In doing so, and under Sections 79 and 75 of the Act, the laws permit the parties’ properties to be redistributed by taking into account the following factors:
1. The size of the asset pool, which includes:
a. All properties and assets belonging to the parties;
b. All properties and assets to which the parties contributed in acquiring, even if they legally belong to someone else;
c. All financial entitlements such as under a will, trust beneficiary arrangements etc
2. The parties’ financial, and non-financial contributions to the marriage/de factor relationship; and
3. The time and manner of the acquisition of the properties in the asset pool.
Property settlement could be completed through either a BFA or through a consent order made by the court, albeit the latter could only be done when the marriage/de facto relationship breaks down.
A BFA is a formal, albeit private, agreement by the parties to deal with their financial affairs. If executed properly, it is legally binding just like court orders. It requires each party to retain independent legal advice, and their solicitors must certify that advice had been properly given before the BFA becomes binding.
A BFA could be executed:
- Before the commencement of the marriage/ de facto relationship, whereby it could contemplate how properties are to be distributed (if at all) if the marriage/de facto relationship eventually breaks down; or
- During the marriage/de facto relationship, but before the breakdown of the said marriage/de facto relationship, whereby it could, again, contemplate how properties are to be distributed (if at all) if the marriage/de facto relationship eventually breaks down; or
- During the marriage/de facto relationship, but after the breakdown of the said marriage/de facto relationship, whereby it would set out how properties are to be distributed;
- After the marriage/de facto relationship, whereby it would set out how the properties are to be distributed.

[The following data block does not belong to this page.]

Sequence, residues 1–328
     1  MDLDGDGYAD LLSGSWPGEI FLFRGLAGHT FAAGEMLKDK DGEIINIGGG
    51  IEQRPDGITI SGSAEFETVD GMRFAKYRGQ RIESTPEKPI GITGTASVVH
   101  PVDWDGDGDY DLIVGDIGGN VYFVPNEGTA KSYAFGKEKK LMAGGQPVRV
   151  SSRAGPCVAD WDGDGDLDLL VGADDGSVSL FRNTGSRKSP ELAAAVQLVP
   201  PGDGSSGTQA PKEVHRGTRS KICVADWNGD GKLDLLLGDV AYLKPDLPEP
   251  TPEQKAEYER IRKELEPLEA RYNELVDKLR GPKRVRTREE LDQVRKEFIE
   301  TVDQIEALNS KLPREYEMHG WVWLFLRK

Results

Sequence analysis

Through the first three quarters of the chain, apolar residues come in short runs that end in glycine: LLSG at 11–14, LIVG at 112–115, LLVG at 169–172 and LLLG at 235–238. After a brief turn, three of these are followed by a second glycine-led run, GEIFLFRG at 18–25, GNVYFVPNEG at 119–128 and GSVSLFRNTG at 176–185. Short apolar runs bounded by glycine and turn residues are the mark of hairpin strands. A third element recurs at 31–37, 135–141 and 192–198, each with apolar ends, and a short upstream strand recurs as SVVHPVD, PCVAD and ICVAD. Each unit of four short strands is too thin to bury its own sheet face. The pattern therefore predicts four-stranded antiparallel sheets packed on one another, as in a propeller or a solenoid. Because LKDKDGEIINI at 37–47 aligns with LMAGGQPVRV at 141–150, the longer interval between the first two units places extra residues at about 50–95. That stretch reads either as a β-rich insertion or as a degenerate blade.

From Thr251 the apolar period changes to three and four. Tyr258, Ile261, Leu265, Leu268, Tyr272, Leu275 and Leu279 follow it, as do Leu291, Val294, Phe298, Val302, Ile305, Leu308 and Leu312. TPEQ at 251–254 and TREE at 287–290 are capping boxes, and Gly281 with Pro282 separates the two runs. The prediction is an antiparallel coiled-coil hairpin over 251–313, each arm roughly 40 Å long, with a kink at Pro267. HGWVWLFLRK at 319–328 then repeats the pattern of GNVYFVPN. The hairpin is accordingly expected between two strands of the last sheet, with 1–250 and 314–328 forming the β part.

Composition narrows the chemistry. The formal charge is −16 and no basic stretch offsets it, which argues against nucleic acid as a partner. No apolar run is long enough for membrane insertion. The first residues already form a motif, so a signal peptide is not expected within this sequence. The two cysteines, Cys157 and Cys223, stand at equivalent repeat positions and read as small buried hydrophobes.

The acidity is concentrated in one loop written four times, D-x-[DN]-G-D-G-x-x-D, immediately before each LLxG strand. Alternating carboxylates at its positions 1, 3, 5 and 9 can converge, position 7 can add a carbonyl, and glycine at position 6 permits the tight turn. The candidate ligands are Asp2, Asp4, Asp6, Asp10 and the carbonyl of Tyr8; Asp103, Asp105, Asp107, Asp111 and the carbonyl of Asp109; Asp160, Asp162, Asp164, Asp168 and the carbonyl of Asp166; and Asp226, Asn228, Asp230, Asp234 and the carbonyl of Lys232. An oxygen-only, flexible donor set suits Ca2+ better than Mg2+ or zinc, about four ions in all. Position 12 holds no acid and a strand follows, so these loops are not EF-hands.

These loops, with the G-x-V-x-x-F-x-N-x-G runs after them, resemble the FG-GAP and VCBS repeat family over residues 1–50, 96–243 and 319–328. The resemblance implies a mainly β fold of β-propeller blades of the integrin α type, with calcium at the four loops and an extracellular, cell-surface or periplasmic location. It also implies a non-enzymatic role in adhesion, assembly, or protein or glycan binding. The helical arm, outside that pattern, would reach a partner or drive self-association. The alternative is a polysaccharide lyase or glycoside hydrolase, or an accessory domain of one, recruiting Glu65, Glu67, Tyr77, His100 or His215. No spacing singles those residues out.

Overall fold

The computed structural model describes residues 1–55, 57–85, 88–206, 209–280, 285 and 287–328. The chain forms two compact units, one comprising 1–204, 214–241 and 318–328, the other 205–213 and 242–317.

In order for the BFA to be binding, it must be executed in compliance with the Act, amongst of which one of your most essential obligation is frank and complete disclosure of all:
- Properties and assets;
- Properties and assets to which you contributed in acquiring, even if they legally belong to someone else; and
- Financial entitlements such as under a will, trust beneficiary arrangements etc
If you do not make the above disclosure, the BFA could be set aside by the other party, and will lose its legal effect and any protection it may have in your favour.
Death and BFA
As at the time of this letter, and under the Act, death does not invalidate the BFA. In fact, death is not deemed to be a form of separation, and does necessarily trigger the operation of the BFA. Should this happen, the laws of succession will take precedent.
In this regard, if either of the parties passes away intestate (that is, without a will), the rules of intestacy states that all the assets of the deceased will be transferred to his/her spouse, subject to any Family Provisions applications.
Hence, parties should consider preparing a will in conjunction with a BFA to afford holistic protections to his/her assets.
The BFA could be set aside
Despite the BFA being a legally binding and enforceable instrument, it is possible for a BFA to be set aside – that is, to be made invalid, and to lose its legal effects.
A party will always be entitled, even if the BFA is executed in a compliant manner, to apply to an appropriate court to have the BFA set aside. The success of such applications will depend on the circumstances applicable at the time.
While we understand that it is most people’s intention for the BFA to provide guaranteed protection, this was not the intended purpose of the Act, and that if the circumstances permit, the BFA could very well be set aside.